FAQ about Recent News Reports – Earthquake, Ground Uplift, Animal Movement, and Helium
April 02, 2014
Recent weeks have seen a flurry of news, real and imagined, about the Yellowstone volcanic system. Below is a brief FAQ about several topics that have appeared in recent news reports.
Has earthquake activity at Yellowstone increased dramatically over the last month?
With the latest swarms, earthquakes are elevated, but are not unusual for Yellowstone. Below is a bar chart that shows the last 20 years of earthquakes in the north-central part of the park. The previous uptick in earthquakes in this part of the park was during the previous period of uplift in this region.

Cumulative earthquake counts (provided by the University of Utah) located in region north of the Caldera, centered near Norris Geyser Basin, Yellowstone National Park, from April 1994 to April 2014.
 (Click image to view full size.)

Cumulative earthquake counts (provided by the University of Utah) located in region north of the Caldera, centered near Norris Geyser Basin, Yellowstone National Park, from April 1994 to April 2014.

Is the recent episode of ground deformation worrisome?
No. Current rates of ground deformation are well within historical norms. Please see our February 18, 2014 Information Statement, for more information about ground deformation at Yellowstone.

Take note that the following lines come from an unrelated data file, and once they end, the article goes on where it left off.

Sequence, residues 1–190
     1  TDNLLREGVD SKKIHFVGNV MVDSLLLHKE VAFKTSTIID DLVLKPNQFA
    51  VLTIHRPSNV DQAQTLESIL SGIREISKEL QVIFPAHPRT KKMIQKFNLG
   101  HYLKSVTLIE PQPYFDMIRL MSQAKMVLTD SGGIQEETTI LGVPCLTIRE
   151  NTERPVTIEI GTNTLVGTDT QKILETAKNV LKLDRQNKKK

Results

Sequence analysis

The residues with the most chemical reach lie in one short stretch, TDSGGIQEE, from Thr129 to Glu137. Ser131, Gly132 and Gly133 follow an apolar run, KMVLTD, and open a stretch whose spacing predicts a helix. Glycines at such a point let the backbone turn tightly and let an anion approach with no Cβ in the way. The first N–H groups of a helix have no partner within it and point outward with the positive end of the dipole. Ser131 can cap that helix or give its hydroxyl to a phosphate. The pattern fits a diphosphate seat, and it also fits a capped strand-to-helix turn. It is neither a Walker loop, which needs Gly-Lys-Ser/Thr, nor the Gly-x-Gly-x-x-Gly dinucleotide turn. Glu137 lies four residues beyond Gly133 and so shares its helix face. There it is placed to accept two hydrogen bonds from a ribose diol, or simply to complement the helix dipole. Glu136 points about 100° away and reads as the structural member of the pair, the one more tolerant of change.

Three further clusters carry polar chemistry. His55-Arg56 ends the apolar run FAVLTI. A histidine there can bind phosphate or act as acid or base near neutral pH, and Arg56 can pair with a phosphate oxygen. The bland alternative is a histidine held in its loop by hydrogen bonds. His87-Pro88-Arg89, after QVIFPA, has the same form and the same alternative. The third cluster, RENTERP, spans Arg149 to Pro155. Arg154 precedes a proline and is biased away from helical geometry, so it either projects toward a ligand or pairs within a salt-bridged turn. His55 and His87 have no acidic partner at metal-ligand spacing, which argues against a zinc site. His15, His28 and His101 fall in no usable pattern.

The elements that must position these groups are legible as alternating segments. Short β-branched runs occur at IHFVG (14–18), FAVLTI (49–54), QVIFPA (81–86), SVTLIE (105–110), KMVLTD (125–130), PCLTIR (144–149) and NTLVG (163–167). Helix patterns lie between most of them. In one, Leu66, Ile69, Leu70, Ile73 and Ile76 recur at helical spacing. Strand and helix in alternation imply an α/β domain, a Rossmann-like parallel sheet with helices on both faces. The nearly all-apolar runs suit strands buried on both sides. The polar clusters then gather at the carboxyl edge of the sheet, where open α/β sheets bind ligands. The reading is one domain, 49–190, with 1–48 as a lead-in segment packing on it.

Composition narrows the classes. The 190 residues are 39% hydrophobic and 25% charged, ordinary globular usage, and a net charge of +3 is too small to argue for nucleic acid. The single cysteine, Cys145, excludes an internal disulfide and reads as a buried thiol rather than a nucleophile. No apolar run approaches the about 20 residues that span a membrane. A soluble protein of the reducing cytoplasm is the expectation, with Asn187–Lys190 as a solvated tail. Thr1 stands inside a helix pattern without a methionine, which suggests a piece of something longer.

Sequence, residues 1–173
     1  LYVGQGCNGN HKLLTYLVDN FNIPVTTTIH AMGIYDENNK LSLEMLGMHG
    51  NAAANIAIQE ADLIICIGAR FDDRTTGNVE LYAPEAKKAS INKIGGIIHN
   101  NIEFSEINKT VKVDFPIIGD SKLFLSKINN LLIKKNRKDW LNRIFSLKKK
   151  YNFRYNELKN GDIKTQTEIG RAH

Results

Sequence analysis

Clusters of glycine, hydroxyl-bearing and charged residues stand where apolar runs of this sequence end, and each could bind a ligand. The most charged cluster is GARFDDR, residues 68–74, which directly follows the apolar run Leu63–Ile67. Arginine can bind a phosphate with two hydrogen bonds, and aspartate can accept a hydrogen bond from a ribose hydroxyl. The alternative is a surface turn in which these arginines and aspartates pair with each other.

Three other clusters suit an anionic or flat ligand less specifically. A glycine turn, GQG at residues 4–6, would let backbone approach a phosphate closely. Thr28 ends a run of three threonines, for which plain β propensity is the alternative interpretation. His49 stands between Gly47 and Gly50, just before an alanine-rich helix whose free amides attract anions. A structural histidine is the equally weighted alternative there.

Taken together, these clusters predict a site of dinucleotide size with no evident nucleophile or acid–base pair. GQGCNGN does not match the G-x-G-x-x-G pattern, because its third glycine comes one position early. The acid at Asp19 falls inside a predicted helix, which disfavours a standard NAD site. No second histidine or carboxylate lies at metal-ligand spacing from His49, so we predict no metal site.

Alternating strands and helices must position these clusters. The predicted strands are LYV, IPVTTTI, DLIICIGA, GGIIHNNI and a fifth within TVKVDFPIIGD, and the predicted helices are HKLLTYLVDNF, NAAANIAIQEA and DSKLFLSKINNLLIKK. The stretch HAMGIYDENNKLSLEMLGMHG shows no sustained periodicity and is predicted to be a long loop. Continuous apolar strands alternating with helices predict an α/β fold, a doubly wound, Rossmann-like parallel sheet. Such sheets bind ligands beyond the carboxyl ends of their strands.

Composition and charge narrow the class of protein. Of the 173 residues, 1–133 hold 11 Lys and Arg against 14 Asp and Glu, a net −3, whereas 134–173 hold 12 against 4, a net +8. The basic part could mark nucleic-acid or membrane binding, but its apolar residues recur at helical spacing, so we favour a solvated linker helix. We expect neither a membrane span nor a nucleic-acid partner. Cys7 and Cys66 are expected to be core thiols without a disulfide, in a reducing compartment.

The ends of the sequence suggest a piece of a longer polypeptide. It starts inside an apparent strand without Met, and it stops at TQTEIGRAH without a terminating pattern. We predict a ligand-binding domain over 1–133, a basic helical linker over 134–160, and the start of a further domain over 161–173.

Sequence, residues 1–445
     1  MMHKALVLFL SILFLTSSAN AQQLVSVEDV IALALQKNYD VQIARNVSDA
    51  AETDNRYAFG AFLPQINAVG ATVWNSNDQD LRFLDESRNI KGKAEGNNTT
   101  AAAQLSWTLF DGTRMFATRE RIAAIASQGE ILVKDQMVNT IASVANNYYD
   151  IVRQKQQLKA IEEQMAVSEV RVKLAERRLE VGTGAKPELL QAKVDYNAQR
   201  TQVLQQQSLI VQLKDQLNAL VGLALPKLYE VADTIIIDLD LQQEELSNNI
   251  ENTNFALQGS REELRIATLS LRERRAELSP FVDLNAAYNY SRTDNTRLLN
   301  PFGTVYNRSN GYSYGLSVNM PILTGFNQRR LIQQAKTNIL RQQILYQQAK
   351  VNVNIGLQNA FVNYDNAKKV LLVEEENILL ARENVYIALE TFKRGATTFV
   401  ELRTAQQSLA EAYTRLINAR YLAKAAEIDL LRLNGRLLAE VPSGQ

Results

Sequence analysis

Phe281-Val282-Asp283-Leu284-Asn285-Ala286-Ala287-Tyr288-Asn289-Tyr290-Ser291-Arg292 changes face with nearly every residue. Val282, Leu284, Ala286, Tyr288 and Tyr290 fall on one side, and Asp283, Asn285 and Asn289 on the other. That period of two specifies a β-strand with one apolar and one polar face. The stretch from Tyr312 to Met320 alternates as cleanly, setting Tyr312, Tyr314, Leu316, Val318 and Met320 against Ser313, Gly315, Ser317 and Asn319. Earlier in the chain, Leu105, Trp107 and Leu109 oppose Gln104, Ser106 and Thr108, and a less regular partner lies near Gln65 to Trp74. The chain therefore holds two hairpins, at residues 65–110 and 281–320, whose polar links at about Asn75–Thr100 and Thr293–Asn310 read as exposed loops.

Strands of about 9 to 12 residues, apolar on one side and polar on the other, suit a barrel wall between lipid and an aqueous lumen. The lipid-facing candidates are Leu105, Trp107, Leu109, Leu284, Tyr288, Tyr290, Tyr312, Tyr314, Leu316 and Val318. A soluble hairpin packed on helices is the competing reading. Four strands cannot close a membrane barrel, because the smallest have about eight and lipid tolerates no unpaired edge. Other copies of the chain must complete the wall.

Are animals leaving Yellowstone National Park?
According to the park, any animal migrations are typical for this time of year. Most of the recent videos on the internet that show running bison were filmed weeks (at least) before Sunday’s earthquake. Park spokesman Al Nash discusses this and other topics in a YouTube video.

Do helium emissions at Yellowstone signal an impending eruption?
No. YVO Scientist-in-Charge Jacob Lowenstern and colleagues recently published research on helium (He) emissions at Yellowstone in the journal Nature. The new research looked at apparent changes in the helium output of the Yellowstone area during its two-million-year volcanic history, compared with the previous two billion years of comparative stability. The research has nothing to do with current activity at Yellowstone, and has no implications about volcanic hazards. For a humorous and informative take on the new research, read the Los Angeles Times article, "It’s up, up and away for ancient trapped helium at Yellowstone," or watch the video "Ancient Helium Is Escaping by the Ton from Yellowstone."